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DECEMBER 7, 2017 //     

The Question of Net Neutrality

Photo: Stock.Adobe.comBy: Jordan Fischler

Just over a week from now, the FCC will vote on a proposal put forth by FCC Chairman Ajit Pai that would dramatically change the way the Internet is regulated and give ISP’s control over what content its users see and potentially charge more for certain content. Better known as Net Neutrality, the debate has sparked a firestorm pitting Internet companies against telecom giants. It’s heady, somewhat complicated stuff, but it will have great impact over the future of the Internet. Free speech will face off against commercial interests in some intriguing ways.

Just like our roads, tunnels and bridges are the basic infrastructure connecting our country, the Internet, called the information superhighway for a reason, can also be considered infrastructure.

To continue this analogy, when stuck in traffic you’ll pick the route that gets you to your destination the fastest.

Now, imagine there’s a toll to take that faster lane or route. If it’s a relatively nominal fee, you’ll pay it. As the fee increases, you might consider the pros and cons of sitting in a little bit of traffic and suffering through slower speeds to avoid the charge. Likewise, we move to the fastest lane when possible on the Internet – slow dial-up was replaced by DSL and cable, T1s and so on. Each came at a cost, but the ability to access the information we looked for, no matter the source, always jumped up to the same new speed. As more information becomes available, we crave it. It’s in our nature to learn and to seek the most efficient way to gain knowledge.

That is the crux of the Net Neutrality issue. Net Neutrality is the basic principle that prohibits Internet service providers from speeding up, slowing down or blocking any content, applications or websites. It somewhat levels the playing field between startups and established companies hoping to deliver their content to you, the audience, because no matter the source, there is not an added cost – either time or money – to get to the content you want.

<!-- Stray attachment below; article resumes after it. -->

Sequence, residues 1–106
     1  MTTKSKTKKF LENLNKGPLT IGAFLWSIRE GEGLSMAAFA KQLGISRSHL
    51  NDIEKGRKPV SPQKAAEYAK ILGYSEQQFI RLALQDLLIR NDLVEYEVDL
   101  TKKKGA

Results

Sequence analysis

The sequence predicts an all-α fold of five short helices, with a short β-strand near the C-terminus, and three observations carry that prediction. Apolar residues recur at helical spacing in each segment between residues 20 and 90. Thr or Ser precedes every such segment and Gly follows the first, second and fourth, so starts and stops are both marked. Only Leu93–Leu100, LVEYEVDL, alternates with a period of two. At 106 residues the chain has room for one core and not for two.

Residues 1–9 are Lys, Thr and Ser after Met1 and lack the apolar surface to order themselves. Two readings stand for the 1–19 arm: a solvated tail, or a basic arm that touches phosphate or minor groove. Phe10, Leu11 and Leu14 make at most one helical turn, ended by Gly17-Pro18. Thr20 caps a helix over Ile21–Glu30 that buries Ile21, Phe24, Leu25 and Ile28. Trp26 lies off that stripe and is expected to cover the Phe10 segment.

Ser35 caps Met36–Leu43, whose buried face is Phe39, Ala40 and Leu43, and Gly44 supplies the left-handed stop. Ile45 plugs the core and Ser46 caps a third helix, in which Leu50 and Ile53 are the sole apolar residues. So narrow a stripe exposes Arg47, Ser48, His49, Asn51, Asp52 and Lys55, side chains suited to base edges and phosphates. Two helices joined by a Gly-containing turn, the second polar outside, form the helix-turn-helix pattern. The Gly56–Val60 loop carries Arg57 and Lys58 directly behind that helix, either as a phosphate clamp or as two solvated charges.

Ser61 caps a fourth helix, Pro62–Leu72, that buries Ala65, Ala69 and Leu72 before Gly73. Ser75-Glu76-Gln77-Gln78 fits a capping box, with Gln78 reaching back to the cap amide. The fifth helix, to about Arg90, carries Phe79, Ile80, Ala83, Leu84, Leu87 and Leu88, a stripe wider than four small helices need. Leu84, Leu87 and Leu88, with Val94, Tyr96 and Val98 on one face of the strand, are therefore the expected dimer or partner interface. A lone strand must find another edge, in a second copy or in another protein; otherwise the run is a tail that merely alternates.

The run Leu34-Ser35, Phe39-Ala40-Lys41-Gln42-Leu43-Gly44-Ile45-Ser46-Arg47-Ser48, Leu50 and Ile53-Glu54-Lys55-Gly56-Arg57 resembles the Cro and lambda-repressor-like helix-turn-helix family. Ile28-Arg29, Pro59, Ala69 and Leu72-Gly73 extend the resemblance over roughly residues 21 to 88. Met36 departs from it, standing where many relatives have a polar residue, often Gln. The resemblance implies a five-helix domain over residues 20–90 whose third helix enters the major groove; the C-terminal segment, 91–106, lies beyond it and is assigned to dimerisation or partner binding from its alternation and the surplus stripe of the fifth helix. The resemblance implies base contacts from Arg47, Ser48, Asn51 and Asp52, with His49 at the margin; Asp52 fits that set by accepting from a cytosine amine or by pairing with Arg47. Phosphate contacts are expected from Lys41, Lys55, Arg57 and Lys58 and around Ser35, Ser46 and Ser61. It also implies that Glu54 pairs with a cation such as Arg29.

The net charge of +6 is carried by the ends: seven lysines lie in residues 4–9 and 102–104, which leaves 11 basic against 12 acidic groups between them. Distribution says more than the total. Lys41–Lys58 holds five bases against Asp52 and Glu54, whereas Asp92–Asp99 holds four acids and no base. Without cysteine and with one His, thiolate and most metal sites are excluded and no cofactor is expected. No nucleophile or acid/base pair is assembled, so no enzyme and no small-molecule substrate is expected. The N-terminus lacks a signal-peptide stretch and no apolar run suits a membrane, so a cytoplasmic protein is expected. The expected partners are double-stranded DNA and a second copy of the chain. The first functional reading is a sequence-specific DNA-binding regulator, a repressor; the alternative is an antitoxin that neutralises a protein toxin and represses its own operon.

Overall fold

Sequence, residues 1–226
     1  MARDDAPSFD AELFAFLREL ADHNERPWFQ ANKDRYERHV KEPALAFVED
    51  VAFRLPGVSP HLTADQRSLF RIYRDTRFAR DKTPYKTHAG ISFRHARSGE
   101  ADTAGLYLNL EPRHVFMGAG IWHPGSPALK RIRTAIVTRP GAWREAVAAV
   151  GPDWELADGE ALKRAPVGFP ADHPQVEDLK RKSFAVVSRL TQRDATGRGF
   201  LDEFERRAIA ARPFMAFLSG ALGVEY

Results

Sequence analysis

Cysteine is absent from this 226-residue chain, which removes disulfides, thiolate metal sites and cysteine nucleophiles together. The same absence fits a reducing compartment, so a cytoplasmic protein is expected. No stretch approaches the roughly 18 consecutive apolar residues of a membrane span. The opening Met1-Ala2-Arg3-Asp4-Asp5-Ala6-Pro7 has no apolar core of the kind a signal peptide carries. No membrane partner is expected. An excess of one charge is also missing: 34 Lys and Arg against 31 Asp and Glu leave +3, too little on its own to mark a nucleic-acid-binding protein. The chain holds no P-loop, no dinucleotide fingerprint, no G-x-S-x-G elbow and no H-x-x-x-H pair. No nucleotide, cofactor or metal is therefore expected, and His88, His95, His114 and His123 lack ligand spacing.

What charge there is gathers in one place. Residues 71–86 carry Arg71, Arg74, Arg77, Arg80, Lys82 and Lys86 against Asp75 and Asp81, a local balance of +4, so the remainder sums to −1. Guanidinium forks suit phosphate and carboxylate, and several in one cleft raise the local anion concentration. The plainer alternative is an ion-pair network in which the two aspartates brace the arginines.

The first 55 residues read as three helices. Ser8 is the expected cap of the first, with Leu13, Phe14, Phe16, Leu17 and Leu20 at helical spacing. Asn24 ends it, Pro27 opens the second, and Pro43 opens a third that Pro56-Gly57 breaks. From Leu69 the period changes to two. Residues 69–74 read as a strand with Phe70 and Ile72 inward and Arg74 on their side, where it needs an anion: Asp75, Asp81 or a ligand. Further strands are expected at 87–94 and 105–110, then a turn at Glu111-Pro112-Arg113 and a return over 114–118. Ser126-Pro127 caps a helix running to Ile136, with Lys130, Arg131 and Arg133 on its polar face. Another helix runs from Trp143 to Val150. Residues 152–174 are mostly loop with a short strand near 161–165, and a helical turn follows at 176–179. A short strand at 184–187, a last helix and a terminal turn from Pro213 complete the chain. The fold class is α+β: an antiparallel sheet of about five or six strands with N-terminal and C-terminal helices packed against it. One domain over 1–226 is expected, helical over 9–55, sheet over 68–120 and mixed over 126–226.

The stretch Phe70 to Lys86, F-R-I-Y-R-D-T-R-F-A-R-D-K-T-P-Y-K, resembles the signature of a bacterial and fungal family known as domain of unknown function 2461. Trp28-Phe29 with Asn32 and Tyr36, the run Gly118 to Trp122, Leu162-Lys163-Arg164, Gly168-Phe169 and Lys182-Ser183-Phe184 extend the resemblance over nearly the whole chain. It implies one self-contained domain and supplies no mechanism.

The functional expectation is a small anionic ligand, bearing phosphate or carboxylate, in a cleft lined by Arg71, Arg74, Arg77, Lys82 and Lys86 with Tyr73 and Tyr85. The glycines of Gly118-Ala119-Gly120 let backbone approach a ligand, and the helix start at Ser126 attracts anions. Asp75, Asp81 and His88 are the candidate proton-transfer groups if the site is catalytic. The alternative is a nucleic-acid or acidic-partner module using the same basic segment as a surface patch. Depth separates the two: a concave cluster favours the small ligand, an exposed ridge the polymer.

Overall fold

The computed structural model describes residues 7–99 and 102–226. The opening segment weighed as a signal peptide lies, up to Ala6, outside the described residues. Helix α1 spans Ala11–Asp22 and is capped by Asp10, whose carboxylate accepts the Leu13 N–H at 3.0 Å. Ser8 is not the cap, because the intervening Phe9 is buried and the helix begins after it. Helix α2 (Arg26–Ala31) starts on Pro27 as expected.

Pai, long a proponent of deregulation, believes “under my proposal, the Federal government will stop micromanaging the Internet.” More on his reasoning here and here.

Restricting and narrowing access or providing preferential treatment to certain types of information limits our ability to learn and adds unnecessary roadblocks for small Internet companies to get attention for their new sites. It also adds expenses for consumers and businesses and turns the information superhighway into a toll road.

Though those tolls may be nominal at first, putting the decision-making power in the hands of large corporations that ultimately control the speed means those tolls can go up at any time with minimal notice.

That’s not to say the companies building our Internet infrastructure should give it away for free. They invest company resources to create the access and deserve to profit. But is this proposed change to Net Neutrality being made to benefit the user with better infrastructure or to feed a need for an ever-increasing bottom line?

The FCC is pushing along this decision too quickly without the proper review and involvement by the officials we’ve elected to represent us on such issues. New York Attorney General Eric Schneidermann proposed recently a moratorium on the vote to allow more time for discussion of the issues. There have been many OpEds discussing the topic from both sides. Here are just a few if you’d like to go deeper:

The FCC is still accepting public comment on the issue from individuals and companies. If you’d like to contribute, there are many routes you can take. Here’s one. If you have questions about how this might impact your business let us know, we’d be glad to sit down with you and discuss.

Jordan Fischler is managing director and head of consumer technology at Allison+Partners. 

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